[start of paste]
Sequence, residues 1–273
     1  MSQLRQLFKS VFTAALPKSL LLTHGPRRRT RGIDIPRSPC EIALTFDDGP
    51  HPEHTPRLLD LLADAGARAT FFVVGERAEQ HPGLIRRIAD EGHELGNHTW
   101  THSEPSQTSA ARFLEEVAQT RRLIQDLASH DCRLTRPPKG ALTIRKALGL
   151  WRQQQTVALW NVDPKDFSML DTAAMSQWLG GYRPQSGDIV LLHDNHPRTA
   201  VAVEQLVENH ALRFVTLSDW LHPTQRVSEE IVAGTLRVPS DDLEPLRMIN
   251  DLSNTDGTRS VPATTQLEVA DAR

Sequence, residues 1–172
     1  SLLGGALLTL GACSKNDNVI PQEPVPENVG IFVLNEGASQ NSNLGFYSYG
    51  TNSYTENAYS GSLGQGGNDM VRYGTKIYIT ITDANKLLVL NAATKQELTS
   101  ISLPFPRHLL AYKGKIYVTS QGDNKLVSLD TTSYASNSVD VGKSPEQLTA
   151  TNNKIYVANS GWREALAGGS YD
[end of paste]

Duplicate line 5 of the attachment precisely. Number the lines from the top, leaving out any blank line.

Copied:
   151  WRQQQTVALW NVDPKDFSML DTAAMSQWLG GYRPQSGDIV LLHDNHPRTA